Case: Take a long piece of stock 2" thick by 4" wide by 1 foot long. Rake the blade over to say 15 degrees and do a first long cut standing the stock on edge making sure the cut depth of cut crosses the center line of the 4 " side, say 2 1/2 inches, leaving 1 1/2" of flat. Then roll the piece end for end and pass it through again. The new cut essentially miters the piece and the ridge will be at the exact center. There is no material left for it to move the ridge beyond the center line.
Am I crazy?

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You are twisting my brain a bit but I think it will always center itself won't it? at least across parallel sides. So if the piece is perfectly square than you will always get a pefectly centered point.
Case: Take a long piece of stock 2" thick by 4" wide by 1 foot long. Rake the blade over to say 15 degrees and do a first long cut standing the stock on edge making sure the cut depth of cut crosses the center line of the 4 " side, say 2 1/2 inches, leaving 1 1/2" of flat. Then roll the piece end for end and pass it through again. The new cut essentially miters the piece and the ridge will be at the exact center. There is no material left for it to move the ridge beyond the center line.
Am I crazy?
Actually you are absolutely correct! I stand corrected. I had to go try the experiment out again but heading out to the shop I was wondering that if your statement was true how did I get less than espected results previousely.
I just made the 4 cuts again with the blade cutting well into the upper half and by golley it all came out centered.
HOWEVER my piece was not square and what I end up with was 4 lines heading to the "general" center of the blank. The result was similar to looking at a rectangle roof that slants down on all sides at the same angle. that is probably what I was remembering from the past. For the lines to come to the same center point in this rectangular piece I would have had to change the angle of cut for opposite pairs. Had the piece been square I would have had the single point.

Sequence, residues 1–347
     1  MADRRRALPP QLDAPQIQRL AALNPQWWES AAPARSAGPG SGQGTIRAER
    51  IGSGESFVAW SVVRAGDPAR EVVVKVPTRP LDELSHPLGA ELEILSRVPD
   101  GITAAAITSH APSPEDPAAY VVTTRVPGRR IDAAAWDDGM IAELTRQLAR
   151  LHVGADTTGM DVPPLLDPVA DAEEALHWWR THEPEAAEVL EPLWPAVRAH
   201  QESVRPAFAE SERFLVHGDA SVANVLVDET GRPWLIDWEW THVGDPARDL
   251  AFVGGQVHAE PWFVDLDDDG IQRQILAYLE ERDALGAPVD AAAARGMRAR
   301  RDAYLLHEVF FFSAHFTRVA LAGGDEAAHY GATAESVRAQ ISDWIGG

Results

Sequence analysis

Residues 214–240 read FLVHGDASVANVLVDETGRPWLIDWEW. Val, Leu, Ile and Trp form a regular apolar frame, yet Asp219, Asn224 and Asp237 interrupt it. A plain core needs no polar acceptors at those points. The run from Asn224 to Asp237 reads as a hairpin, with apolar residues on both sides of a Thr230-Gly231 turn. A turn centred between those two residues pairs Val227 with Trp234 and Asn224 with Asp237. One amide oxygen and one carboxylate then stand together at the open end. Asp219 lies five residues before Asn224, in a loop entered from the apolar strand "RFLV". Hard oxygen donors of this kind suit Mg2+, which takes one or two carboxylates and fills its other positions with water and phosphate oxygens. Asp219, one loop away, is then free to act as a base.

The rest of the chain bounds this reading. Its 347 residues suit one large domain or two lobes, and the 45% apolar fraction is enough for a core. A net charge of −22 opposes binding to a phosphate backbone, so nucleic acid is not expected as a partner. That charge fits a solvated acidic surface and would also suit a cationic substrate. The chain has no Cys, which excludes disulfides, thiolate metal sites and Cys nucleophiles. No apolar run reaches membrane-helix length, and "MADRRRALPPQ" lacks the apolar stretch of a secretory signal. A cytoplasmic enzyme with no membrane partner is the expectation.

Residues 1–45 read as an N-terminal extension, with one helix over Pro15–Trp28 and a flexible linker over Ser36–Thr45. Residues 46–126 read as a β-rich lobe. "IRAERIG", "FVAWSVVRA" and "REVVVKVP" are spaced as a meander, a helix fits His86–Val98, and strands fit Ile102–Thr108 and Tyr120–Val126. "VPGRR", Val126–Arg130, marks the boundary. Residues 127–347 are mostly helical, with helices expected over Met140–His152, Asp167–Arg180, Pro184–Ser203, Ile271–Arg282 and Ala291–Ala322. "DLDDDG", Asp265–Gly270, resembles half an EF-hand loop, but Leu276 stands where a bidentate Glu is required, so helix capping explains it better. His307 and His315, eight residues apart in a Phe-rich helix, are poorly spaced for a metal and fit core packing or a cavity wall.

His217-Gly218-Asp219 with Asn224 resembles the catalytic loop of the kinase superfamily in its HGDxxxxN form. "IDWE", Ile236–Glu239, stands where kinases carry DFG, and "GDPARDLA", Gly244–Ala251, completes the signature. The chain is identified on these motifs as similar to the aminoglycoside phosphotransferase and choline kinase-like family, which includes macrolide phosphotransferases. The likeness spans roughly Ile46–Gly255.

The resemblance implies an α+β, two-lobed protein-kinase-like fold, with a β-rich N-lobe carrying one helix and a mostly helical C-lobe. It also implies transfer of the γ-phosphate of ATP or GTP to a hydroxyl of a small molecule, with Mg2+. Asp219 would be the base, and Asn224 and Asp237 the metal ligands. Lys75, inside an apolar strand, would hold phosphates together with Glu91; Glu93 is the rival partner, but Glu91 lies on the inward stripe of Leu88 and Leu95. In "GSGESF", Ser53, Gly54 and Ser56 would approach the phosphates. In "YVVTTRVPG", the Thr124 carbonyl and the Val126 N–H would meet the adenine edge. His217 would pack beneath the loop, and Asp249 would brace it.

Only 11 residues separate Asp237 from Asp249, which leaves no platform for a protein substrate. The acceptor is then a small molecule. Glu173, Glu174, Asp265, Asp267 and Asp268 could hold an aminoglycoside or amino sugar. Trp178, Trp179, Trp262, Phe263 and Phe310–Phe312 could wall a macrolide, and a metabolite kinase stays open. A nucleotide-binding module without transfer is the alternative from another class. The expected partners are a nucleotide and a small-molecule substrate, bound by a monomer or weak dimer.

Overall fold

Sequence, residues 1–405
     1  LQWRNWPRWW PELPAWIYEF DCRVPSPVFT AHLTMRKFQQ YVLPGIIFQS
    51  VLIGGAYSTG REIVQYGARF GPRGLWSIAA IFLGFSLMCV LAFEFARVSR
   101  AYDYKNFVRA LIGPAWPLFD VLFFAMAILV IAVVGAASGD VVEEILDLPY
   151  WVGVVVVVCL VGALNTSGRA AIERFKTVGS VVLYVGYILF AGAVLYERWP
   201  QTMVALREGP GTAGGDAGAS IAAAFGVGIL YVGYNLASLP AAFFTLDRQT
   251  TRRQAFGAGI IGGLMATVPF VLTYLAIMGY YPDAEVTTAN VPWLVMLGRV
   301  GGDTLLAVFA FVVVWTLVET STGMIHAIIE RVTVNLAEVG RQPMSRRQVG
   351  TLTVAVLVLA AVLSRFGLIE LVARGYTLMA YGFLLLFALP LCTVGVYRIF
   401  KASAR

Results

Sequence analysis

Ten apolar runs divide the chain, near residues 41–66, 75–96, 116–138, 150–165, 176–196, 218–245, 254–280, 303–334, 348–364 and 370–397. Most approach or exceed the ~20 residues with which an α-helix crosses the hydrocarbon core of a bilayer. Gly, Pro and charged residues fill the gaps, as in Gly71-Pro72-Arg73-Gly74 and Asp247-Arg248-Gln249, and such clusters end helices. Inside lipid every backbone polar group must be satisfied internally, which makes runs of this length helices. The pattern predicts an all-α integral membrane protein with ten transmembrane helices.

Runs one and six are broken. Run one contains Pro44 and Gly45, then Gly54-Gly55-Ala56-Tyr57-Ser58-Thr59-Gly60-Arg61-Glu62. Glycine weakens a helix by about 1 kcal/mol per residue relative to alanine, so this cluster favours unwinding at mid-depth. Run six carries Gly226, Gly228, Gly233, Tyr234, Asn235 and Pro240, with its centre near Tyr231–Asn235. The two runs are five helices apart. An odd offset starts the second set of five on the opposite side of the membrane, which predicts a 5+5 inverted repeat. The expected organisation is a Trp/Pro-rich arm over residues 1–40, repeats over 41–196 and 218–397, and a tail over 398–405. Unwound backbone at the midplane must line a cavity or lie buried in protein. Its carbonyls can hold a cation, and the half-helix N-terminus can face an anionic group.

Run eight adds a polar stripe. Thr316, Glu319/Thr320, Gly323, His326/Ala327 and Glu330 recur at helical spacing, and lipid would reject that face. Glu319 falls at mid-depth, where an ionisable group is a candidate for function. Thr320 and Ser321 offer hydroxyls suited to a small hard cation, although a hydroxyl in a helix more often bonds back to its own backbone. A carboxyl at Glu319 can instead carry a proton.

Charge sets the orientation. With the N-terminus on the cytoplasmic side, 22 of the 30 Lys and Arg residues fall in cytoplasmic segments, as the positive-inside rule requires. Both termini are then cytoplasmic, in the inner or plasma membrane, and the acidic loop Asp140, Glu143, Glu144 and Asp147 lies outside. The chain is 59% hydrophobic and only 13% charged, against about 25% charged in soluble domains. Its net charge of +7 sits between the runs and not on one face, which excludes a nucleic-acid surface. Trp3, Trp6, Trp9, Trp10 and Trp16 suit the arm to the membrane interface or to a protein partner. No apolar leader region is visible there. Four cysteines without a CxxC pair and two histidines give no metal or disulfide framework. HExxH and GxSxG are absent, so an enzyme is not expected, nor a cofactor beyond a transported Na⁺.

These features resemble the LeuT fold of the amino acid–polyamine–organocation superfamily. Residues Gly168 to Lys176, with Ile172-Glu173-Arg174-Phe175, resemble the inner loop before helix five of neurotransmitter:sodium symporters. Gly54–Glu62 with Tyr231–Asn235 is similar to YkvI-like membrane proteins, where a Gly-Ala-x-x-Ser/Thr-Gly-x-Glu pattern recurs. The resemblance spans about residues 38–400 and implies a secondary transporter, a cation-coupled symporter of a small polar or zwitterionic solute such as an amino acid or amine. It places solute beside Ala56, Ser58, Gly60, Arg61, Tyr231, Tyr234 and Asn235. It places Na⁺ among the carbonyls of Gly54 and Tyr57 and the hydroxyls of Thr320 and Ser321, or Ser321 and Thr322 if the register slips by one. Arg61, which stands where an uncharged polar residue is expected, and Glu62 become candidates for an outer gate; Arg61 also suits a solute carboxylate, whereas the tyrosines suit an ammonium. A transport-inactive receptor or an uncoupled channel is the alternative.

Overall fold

Thanks for making me rethink and redo.
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wrote:

They look good. I did something similar a few years ago but used a large cove style molding around the angled cap pieces. I wanted the same angle on the top of the cove to make my cap look a little larger. Once I got the tops cut I used one to get the angle laying flat and ripped the cove with the same angle. The cove fit great and just made the angle a little longer than my cap piece allowed.
Mike O.
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Thanks. Actually I am already considering chamfering/beveling the top perimeter of the lower cherry piece. I am thinking that it looks too thick as compared to the top pointed oak piece. I'll have to try that out on the extra pattern piece.
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wrote:

I'm not sure how you would get your angle on the curved cherry piece. Maybe the angle first then the curve...?
Here's a link to my finished post. You can see where the molding meets the cap piece. The total rise is only about 1 3/8" although the angle of the picture makes it look like a lot more than that.
http://i938.photobucket.com/albums/ad226/woody-1000/IMG_0371_1.jpg
Here's a picture of the home-made molding. The cove was cut first on the table saw, then the top angle, then the bottom half of the cove ripped narrower and finally routed.
http://i938.photobucket.com/albums/ad226/woody-1000/IMG_0373.jpg
Mike O.
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Here is the way it was,
http://www.flickr.com/photos/lcb11211/4185620687/sizes/o/in/photostream /
And now with the chamfered curved cherry piece
http://www.flickr.com/photos/lcb11211/4191567592/sizes/o/in/photostream/
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wrote:

Looks good. Did you take your cherry pieces to the router to get the angle?
Mike O.
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Yeah router table, bevel bit with pilot bearing.